But the successes of Atlanta’s middle- and upper-class African-American population -- and the efforts by City Hall to focus resources and time on helping the largely black south side -- fueled resentment among white residents.

“There are whites on the north side who express -- not what you would say as racial resentment but fiscal resentment -- that the city has spent more money on the south side, and the north side has been left out,” says Michael Leo Owens, an associate professor of urban politics at Emory University. “There have always been some folks that believe when black folks are doing well, it means white folks aren’t."

That divide is becoming more politically problematic as the city's racial demographics continue to shift.

The city in 2000 was 61 percent African-American, according to Census data. It's now 50 percent African-American, and its white population is approaching 40 percent. Mayoral elections may still track closely along racial lines, but black candidates can no longer take those votes for granted, says Owens.

“One can’t just say Atlanta is in play because white folks are arriving. It’s in play because white folks are arriving and black people are leaving,” he says. “Keisha Lance Bottoms didn’t just win because she won black votes. It wasn’t just black votes that put Kasim [Reed] over the top."

There's also a growing sense among voters, he adds, that African-American leadership alone hasn't achieved the promise of Atlanta as a black mecca.

“It’s clear that having a black mayor and black-run institutions have not been enough in bringing large numbers of black people out of poverty,” Owens says.

Atlanta ranks second to Miami in terms of income inequality. It's third in the nation in evictions, a fact that has sped up the displacement of its African-American population to suburbs.

“The challenges for the mayor going forward are affordability for a range of incomes,” Owens says.

The changing demographics of the city will also mean meeting the expectations of new classes of voters with different needs. The east side was traditionally inhabited by working-class African-Americans but is now home to the creative class and a growing LGBTQ community. The voters are progressive and aren't much influenced by the racial politics that have largely shaped Atlanta politics over the past two generations.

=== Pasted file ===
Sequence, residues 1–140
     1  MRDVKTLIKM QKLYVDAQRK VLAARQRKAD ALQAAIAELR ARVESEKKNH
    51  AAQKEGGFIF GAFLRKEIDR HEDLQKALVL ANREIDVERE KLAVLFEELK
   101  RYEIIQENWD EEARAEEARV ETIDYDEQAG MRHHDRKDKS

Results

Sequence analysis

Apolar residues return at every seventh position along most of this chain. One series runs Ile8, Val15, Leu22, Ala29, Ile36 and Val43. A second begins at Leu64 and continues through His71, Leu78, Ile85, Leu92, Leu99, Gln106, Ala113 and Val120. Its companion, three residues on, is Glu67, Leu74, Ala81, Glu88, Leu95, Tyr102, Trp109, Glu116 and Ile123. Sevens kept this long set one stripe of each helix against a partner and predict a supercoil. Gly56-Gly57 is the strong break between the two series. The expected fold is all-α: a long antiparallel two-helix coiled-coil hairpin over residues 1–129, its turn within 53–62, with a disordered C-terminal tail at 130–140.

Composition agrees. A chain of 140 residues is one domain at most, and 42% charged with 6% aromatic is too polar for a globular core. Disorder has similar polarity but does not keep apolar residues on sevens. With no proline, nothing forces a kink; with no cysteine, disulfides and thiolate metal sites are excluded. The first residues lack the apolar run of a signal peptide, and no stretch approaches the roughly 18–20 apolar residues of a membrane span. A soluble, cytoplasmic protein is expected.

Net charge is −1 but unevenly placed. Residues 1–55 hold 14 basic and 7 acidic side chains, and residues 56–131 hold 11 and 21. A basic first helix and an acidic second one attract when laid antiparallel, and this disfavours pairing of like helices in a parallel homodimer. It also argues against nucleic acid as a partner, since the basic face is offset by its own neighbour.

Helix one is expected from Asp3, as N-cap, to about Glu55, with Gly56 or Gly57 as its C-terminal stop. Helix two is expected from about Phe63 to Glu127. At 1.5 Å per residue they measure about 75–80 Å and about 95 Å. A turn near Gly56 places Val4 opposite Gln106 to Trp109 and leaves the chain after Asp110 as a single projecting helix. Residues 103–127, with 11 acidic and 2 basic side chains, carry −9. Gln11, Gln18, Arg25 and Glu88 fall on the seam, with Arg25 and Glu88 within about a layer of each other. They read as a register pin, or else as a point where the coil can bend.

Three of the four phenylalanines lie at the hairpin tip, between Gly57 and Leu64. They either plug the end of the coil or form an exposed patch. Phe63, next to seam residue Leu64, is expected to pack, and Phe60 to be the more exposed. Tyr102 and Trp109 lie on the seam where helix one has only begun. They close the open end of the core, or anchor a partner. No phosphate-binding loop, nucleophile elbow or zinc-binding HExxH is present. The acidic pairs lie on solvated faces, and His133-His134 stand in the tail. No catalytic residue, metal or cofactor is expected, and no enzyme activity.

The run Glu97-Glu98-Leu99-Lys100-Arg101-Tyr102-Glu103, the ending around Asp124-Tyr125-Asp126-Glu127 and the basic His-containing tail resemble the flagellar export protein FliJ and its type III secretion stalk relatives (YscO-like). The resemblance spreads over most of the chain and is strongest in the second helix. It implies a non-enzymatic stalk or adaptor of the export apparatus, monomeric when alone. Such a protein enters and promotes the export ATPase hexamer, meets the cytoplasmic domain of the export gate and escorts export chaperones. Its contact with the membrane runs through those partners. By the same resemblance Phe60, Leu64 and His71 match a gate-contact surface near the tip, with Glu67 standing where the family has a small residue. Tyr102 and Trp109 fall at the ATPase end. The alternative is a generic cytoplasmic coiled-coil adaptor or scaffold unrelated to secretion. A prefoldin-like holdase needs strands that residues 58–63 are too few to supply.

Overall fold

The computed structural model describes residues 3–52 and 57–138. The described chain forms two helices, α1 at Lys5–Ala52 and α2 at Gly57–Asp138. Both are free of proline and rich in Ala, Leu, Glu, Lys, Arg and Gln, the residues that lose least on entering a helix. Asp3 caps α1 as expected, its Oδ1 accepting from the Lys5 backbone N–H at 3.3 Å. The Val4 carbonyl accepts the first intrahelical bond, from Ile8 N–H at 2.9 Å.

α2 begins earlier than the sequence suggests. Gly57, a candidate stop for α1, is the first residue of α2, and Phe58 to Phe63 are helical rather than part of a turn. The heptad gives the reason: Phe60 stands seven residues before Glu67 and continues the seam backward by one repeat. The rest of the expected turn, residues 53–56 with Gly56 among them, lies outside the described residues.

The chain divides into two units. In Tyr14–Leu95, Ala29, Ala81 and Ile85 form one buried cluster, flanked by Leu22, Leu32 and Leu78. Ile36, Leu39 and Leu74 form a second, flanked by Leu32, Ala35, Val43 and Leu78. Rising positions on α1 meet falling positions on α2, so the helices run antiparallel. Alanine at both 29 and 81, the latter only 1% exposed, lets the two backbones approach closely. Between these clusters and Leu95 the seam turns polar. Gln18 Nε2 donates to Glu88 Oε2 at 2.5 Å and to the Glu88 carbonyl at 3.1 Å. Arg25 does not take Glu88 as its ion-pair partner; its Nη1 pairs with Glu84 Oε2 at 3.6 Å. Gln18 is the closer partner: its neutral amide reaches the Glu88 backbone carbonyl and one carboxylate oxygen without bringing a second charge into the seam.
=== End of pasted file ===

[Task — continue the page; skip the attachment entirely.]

“There are going to be African-American candidates who will have to come down on the side of different shades of equality,” Owens says.

And that extends to the city’s African-American population. It will no longer be satisfied merely with the message of traditional black economic empowerment nor will it kowtow to the black political establishment, according to Hobson.

“What we are seeing now is the maturation of black voting power in the American South. Now that segregation is so far away, black people are now splintering,” Hobson says. “You see the splintering of the black community in Atlanta.”

Going forward, leading Atlanta will require revamping public transportation to make it more useful for working-class African-Americans with job opportunities that lie outside of the city limits. Mayors, including Bottoms, will have to focus on making the city more affordable for those at every income level. And that has not been and cannot be accomplished by solely relying on the African-American political power base.

“When you hold on to black power," says Owens, "it only benefits a certain strata of black people."